Health and Risk Communication in Ontario Newspapers: The Case of Wind Turbines
MetadataShow full item record
Introduction: The mass print media are a widely-distributed, and often primary, source of health information for the public. Health information in newspapers can amplify or attenuate readers’ perceptions of risk depending on how it is presented. This thesis examines how health information related to wind energy was communicated in Ontario newspapers and includes separate analyses for the presence of fright factors, readability, emergent themes, and emotional tone and sensationalism. As an emerging technology, public understanding of and response to associated health risks and uncertainties towards wind energy can be influenced by media coverage. Methods: Five geographically discontinuous wind energy installations in Ontario and their surrounding communities were selected based on 2006 Canadian Census data. Newspapers serving each community were identified and searched for articles from May 2007-April 2011 on the topic of health effects from wind energy developments. A total of 421 articles from 13 community and 4 national/provincial newspapers were retrieved. In Study #1, a directed content analysis was used to develop a coding instrument based on fright factors known to affect the public’s perception of risk. In Study #2, each newspaper article was analyzed for text readability using the Simple Measure of Gobbledygook (SMOG) readability formula. In Study #3, and as a qualitative component, a semi-directed content analysis was used to find emerging themes and subthemes. Finally, in Study #4, a list of loaded and positive words, informed from previous studies on sensationalism in media reporting and a random sample of newspaper articles included in this study, and the frequency of their appearance was used as a quantitative measure of sensationalism. Results: Study #1: The most commonly reported fright factors were ‘dread’, ‘poorly understood by science’, ‘involuntary exposure’, and ‘inequitable distribution’, occurring in 94% (n=394), 58% (n=242), 45% (n=188), and 42% (n=177) of articles, respectively. The fright factors of ‘dread’, ‘poorly understood by science’, ‘inequitable distribution’, and ‘inescapable exposure’ occurred more frequently in community newspaper articles than in national/provincial ones (p<0.001). Although the total number of occurrences of each fright factor increased following the Green Energy Act, only ‘dread’ (p<0.05) and ‘poorly understood by science’ (p<0.01) increased significantly. Study #2: The mean reading grade level (RGL) of 421 articles on wind turbines and health was at the post-secondary education level (X±SEM; 13.3±0.1). Articles from community and provincial newspapers were written at almost a full RGL lower (13.2±0.2 and 13.1±0.2) than those from national newspapers (13.9±0.2) (p<0.05). Additionally, opinion pieces such as editorial columns were written at a lower RGL than fact-based news articles (13.0±0.2 and 13.5±0.1, respectively; p<0.01). Study #3: The majority of newspaper articles described health effects of wind turbines in general, rather than specific, terms. The most commonly cited causes of health complaints were inadequate setbacks (27%, n=114), noise (21%, n=90), shadow flicker and vibrations (12%, n=49), and electrical exposure (6%, n=27). Other, non-health concerns such as environmental damage (28%, n=117), property values (20%, n=86), aesthetic concerns (18%, n=77), financial burden (18%, n=74), were prevalent and juxtaposed with health issues in 28% of articles (n=118). Concerns with the quality and availability of scientific evidence were frequent in the newspaper articles (34%, n=143), with many articles promoting a moratorium on wind energy developments until further research is conducted (25%, n=103). Study #4: Newspaper articles emphasized negative rather than positive/neutral tone, with community newspapers publishing a higher proportion of negative articles than provincial or national newspapers (X2=6.11, df=1, p<0.05). Conclusion: These findings suggest that the health information related to wind turbines in Ontario newspapers contains a large quantity of fright factors that may produce fear and anxiety in readers, is written at a reading grade level that is too complex for the majority of the Ontario population to fully understand, contains inconsistent information on health effects that often links health concerns with non-health concerns, and is often negative in tone. The influence of the Ontario newspaper media on reader’s risk perceptions of wind energy in Ontario will be important to determine empirically.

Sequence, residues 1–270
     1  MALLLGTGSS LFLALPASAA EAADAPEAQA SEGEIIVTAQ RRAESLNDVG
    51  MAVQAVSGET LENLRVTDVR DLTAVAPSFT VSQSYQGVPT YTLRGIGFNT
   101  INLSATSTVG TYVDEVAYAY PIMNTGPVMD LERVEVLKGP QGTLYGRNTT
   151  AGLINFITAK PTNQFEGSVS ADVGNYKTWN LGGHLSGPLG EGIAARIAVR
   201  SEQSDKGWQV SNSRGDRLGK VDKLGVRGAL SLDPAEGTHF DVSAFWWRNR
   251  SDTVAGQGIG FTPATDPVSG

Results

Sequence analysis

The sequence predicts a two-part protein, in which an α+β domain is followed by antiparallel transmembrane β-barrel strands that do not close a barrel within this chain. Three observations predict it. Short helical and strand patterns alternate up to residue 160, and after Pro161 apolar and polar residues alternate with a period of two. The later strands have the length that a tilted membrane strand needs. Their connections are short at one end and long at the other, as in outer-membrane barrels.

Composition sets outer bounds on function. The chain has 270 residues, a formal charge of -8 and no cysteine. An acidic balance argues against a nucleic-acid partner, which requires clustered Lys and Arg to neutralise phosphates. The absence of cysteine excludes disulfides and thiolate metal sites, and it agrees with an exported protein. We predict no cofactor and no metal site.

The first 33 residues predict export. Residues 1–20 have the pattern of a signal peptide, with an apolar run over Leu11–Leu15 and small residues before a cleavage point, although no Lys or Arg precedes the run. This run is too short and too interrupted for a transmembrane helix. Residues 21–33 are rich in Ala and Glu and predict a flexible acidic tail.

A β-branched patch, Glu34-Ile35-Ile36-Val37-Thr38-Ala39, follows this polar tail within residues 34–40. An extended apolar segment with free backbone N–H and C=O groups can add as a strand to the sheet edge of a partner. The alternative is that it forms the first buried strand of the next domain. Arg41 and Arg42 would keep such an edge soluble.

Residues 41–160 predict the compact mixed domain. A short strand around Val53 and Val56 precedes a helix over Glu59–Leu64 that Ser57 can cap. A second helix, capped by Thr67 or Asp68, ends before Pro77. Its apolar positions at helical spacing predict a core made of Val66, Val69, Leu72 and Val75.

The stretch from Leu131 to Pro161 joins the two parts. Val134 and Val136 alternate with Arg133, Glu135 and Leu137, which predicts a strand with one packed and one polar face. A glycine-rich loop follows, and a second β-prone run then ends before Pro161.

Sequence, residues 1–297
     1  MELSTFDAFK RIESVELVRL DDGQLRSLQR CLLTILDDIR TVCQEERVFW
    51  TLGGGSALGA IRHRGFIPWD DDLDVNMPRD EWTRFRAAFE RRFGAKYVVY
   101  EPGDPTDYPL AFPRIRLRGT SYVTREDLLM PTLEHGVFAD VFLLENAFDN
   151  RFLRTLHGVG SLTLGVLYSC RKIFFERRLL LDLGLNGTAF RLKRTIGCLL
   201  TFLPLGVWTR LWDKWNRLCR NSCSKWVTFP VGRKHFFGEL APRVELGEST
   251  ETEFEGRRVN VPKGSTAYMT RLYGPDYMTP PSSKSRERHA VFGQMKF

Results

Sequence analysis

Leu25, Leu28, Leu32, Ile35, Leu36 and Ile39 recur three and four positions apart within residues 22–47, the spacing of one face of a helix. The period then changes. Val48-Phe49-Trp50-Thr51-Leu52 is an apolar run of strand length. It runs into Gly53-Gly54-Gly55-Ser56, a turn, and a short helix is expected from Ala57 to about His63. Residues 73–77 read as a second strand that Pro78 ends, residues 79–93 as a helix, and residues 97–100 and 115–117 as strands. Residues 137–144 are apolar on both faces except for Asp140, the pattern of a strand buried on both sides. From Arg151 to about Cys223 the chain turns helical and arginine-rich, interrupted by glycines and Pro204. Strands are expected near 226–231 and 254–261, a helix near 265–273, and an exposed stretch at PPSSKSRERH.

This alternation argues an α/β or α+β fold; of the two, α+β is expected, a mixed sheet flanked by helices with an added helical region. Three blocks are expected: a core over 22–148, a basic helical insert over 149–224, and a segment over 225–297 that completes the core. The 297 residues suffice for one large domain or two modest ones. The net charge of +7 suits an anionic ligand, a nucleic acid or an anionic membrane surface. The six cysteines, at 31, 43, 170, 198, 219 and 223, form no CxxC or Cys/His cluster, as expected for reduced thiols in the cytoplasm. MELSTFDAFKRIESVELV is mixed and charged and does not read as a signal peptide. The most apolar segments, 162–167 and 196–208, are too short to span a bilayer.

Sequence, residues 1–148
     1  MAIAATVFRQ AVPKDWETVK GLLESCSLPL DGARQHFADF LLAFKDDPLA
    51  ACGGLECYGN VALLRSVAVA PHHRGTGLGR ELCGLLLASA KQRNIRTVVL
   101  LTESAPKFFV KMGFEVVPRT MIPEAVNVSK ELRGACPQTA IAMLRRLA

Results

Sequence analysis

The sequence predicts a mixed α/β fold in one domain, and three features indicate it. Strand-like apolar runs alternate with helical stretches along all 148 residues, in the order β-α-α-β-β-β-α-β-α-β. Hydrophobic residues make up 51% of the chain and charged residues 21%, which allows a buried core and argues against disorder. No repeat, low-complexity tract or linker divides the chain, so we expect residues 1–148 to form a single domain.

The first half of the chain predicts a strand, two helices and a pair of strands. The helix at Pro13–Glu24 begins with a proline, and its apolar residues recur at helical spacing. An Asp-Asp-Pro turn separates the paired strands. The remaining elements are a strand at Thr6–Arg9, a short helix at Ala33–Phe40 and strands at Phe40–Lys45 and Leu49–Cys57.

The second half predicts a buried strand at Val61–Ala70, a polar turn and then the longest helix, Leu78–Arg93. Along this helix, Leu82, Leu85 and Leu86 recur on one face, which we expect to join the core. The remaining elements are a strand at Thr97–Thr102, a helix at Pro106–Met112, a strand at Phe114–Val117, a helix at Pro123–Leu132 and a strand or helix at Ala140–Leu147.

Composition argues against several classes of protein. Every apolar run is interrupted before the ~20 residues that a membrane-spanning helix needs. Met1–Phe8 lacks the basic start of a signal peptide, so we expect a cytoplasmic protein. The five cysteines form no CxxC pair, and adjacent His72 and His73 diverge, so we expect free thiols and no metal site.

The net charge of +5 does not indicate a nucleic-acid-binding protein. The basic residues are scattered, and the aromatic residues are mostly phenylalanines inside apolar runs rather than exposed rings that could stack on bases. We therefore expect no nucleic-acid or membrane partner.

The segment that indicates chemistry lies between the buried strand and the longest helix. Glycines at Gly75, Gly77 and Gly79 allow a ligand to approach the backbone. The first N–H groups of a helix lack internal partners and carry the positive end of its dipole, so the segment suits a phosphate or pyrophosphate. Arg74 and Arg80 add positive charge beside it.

Cite this version of the work
Benjamin Deignan (2013). Health and Risk Communication in Ontario Newspapers: The Case of Wind Turbines. UWSpace. http://hdl.handle.net/10012/7690